Unless Alberta’s government restrains spending, by the end of the decade Alberta’s debt may well exceed even pessimistic forecasts, finds a new study published today (March 31) by the Fraser Institute, an independent non-partisan Canadian policy think-tank.
“Given economic conditions in the province, if the government fails to restrain spending, the pace of debt accumulation in Alberta may be extremely rapid,” said Ben Eisen, associate director of provincial prosperity studies at the Fraser Institute and co-author of How Much, How Fast?: Estimating Debt Accumulation in Alberta through 2019/20.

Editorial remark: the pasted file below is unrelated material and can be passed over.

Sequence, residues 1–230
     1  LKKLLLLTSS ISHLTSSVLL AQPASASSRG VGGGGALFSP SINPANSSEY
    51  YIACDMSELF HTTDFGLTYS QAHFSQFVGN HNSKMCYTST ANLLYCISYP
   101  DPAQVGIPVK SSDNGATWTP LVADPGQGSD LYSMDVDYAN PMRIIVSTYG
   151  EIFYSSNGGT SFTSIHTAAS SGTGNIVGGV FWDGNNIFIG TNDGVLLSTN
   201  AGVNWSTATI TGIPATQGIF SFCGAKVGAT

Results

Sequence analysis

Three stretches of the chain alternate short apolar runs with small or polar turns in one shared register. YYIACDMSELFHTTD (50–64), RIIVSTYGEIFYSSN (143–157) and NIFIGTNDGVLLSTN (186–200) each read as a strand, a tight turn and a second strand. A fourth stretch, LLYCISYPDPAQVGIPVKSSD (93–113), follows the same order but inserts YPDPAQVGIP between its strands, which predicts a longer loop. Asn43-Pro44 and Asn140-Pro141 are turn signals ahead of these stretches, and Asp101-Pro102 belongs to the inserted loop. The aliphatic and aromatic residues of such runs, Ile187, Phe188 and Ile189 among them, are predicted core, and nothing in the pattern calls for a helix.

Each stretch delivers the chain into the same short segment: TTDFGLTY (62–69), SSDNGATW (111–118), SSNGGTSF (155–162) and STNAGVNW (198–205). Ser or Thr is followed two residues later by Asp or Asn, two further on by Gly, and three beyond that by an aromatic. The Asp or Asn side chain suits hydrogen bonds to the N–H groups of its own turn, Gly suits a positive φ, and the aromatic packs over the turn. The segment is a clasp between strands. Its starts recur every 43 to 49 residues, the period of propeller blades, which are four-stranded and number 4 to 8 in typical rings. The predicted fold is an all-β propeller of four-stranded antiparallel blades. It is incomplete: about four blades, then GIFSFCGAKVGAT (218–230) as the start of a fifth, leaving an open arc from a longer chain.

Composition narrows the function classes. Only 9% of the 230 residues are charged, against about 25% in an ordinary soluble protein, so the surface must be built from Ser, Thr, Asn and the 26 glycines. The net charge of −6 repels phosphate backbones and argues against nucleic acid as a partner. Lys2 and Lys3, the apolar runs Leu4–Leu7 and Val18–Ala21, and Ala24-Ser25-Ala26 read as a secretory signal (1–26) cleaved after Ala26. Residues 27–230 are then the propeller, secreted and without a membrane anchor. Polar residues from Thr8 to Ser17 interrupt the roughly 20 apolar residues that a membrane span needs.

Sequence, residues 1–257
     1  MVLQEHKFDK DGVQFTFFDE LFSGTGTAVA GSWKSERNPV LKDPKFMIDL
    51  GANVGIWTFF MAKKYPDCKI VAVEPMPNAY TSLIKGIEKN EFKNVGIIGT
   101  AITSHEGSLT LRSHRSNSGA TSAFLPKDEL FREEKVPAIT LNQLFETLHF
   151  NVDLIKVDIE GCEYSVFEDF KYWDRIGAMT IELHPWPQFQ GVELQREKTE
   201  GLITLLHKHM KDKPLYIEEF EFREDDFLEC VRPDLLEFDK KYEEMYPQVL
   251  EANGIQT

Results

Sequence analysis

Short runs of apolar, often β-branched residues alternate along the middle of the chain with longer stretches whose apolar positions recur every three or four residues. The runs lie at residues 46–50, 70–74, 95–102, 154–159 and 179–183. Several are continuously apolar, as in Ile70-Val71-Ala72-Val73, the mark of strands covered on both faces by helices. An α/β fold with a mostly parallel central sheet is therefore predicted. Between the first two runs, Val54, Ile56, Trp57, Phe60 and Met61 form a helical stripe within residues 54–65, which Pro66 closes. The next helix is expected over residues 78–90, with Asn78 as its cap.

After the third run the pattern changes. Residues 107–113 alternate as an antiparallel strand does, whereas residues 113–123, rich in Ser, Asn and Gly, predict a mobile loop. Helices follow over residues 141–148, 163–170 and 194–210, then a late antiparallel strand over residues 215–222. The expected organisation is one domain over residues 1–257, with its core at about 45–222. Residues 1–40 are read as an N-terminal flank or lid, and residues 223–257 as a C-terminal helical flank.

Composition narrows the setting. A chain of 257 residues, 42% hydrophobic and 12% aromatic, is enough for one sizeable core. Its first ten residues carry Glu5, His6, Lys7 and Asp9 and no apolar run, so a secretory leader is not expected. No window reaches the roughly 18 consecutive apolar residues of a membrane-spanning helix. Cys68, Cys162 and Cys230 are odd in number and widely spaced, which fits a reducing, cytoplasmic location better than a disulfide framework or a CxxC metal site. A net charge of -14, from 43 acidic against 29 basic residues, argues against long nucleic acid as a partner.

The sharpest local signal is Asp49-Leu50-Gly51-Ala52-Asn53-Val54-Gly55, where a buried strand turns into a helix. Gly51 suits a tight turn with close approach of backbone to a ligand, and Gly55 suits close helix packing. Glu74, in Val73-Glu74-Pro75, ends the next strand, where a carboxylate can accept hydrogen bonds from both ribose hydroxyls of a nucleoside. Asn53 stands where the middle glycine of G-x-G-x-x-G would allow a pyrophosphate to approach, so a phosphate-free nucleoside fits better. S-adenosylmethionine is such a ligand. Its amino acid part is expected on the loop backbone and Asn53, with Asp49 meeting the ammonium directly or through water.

Unfortunately, successive Alberta governments spent as though boom times would never end and the current government has continued the trend towards higher program spending.
Consequently, this fiscal year, for the first time in 17 years, Alberta will reach a net debt position—meaning the province’s debt (liabilities) exceeds its financial assets. This is a dramatic change from 2007/08 when Alberta had no net debt and was sitting on $35 billion in financial assets.
According to the government’s spending and revenue forecast, Alberta’s debt will reach $19.8 billion by 2019/20.